At the start of the mondial crisis in 2008, at first, the Netherlands only suffered mildly from the effects compared to South European countries. This year the tables are turning on the dutch economy with rising unemployment as main risk.
The are several developments that will make the coming years more difficult. The active labor force is increasing and the unemployment figures are dramatically stepping up.
In 2008 and 2009 most dutch companies were reluctant in laying off staff. At first companies only observed the crisis as a short temporary economic drawback and rather held on to their well qualified staff. As we now know, the crisis is still ongoing, orders are falling back and remaining financial reserves are consumed. Companies have no alternative then to lay off personnel at a higher rate. Also the number of bankruptcies are increasing. The effect is that the total unemployment went up to 7,2% of the total labor force, which was a few years ago hardly 5%.
But not only the lay offs are the reason for the increasing unemployment figures. More and more people, mainly partners, show up on the labor market. Which is quite contradictory. During previous recessions, people proved to withdraw from the labor market. They mostly had no confidence to find employment and terminated their employment registration. Another reason for the increasing labor force are the elderly. Early retirement is abandoned and the age for pension is increasing towards 67 years. Students however prolong their study. Their participation is slowly decreasing on the labor market. At itself favorable for the market and the student, more knowledge and education, but in reality it is latent unemployment.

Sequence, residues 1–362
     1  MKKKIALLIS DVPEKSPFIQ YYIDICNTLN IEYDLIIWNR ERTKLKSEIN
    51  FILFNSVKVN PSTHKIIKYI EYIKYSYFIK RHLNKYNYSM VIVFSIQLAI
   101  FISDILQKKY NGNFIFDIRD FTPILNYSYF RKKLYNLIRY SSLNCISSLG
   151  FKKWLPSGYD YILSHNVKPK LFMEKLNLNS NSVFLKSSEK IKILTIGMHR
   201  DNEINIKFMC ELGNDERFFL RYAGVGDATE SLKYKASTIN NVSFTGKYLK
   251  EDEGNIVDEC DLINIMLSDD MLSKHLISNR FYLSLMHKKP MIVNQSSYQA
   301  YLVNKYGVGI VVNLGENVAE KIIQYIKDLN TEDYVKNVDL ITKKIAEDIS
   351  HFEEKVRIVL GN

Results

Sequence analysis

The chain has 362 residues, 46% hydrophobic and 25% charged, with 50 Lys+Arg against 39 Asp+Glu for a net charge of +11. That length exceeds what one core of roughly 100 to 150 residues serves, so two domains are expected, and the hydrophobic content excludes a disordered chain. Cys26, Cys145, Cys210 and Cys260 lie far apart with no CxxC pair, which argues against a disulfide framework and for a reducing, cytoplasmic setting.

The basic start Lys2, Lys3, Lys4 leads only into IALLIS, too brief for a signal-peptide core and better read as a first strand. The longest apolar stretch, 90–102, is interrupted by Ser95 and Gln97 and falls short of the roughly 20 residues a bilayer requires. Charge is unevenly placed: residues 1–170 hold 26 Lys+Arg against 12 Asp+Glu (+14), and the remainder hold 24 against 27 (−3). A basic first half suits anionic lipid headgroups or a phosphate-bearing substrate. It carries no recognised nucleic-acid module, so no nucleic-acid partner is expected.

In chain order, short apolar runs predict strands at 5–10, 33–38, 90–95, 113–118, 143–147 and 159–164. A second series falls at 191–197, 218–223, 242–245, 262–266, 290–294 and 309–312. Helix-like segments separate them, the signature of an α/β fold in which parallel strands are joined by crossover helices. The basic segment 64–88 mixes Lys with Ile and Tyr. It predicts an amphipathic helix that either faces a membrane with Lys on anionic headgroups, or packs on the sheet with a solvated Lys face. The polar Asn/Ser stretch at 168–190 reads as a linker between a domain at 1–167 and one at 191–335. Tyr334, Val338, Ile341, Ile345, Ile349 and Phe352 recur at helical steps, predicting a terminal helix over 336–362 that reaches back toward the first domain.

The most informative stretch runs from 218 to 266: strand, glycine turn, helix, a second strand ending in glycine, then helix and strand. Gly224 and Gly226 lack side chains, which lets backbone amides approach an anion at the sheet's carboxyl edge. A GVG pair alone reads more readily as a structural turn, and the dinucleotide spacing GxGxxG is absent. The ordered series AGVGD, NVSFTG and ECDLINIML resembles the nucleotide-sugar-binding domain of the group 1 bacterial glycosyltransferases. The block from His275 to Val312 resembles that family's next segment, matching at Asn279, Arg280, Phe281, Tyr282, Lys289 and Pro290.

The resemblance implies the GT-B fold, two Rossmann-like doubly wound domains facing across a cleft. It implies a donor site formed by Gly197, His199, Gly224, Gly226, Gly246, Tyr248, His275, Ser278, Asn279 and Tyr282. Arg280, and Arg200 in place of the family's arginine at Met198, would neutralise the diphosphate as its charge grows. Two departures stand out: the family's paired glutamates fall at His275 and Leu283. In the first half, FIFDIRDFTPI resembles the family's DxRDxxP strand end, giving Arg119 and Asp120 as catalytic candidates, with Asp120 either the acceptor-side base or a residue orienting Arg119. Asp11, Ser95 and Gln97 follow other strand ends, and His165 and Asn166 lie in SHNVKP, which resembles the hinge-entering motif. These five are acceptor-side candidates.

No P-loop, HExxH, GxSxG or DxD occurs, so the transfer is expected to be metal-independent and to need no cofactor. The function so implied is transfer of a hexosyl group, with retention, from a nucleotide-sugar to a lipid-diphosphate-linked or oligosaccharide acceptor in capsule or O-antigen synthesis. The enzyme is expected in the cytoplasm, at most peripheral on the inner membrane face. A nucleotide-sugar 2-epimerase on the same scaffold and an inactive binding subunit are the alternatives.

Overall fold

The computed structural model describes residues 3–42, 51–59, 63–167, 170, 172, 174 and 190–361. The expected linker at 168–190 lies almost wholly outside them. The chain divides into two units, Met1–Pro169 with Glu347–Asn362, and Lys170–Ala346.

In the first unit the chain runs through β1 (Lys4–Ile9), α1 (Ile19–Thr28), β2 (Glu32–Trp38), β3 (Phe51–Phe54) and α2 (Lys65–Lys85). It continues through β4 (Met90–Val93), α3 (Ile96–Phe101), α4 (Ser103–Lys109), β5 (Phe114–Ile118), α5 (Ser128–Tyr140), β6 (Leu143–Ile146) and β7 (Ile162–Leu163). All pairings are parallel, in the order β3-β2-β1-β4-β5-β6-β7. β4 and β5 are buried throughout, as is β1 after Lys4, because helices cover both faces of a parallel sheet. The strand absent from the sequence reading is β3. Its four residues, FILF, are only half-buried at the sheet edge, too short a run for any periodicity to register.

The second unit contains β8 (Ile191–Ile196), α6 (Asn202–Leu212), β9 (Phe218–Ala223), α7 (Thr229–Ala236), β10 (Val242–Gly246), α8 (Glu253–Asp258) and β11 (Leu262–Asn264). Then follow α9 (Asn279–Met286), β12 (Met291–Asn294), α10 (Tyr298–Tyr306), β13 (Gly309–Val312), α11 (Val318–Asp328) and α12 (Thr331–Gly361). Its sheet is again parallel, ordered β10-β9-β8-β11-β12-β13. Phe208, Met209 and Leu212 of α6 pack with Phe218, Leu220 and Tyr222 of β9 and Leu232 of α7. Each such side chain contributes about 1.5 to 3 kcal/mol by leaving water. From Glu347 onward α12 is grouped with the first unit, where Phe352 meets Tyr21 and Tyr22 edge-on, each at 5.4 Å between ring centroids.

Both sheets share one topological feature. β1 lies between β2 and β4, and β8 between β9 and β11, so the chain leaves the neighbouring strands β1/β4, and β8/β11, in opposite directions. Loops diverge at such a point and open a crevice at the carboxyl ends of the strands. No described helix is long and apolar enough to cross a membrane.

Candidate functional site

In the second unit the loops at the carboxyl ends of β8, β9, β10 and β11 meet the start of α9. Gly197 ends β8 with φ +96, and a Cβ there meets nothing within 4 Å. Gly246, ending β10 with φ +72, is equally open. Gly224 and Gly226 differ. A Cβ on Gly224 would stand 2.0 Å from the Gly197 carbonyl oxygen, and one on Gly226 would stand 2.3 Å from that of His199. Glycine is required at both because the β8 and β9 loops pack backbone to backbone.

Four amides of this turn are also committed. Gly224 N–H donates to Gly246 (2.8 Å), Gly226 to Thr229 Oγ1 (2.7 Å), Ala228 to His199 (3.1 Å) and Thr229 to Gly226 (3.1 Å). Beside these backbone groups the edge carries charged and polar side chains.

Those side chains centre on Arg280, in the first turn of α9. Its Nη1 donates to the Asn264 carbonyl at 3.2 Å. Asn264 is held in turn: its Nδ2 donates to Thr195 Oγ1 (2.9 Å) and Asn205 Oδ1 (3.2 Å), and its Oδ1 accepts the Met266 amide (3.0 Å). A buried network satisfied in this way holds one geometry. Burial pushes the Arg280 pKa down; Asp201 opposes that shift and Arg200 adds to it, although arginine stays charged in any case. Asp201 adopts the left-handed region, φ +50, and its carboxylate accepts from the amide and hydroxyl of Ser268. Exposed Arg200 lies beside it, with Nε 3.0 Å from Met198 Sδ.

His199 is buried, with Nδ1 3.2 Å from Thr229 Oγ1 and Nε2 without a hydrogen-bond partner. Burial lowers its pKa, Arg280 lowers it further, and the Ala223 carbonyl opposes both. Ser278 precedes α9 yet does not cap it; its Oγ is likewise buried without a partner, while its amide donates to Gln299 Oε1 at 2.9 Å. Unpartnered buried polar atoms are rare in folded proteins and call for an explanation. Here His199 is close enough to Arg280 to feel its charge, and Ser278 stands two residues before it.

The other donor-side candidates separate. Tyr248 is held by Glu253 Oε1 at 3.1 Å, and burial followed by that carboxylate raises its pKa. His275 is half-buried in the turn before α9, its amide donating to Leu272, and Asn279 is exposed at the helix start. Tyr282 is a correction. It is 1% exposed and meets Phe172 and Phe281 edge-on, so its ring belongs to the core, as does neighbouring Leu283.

This year the Dutch government plans major cutbacks on the national budget. As consumers are restrained as it concerns their expenses, there is a major change that the Dutch economy will slow down even more. The cost of unemployment for the Dutch government are rising dramatically. Either the Dutch government increases her cutbacks, which surely increases the recession in The Netherlands, or she loosens the reins. But this will be against the European agreements and the goal of the present governing liberal party, which is a strong advocate for the austerity policy.
For the moment the Dutch coalition of Liberals and Socialists appeared to be solid, but increasing cutbacks at rising unemployment will surely stir the followers of the socialist party. Question is whether or the coalition will remain in tact. And at a change of financial policy, the coalition will find a concerned German government in opposite. They are the main advocates for the present austerity policy. It will be interesting times for the Netherlands, but surely the crisis is far from over. We are entering the next phase, were the citizens will more and more suffer from the consequences of the world wide recession.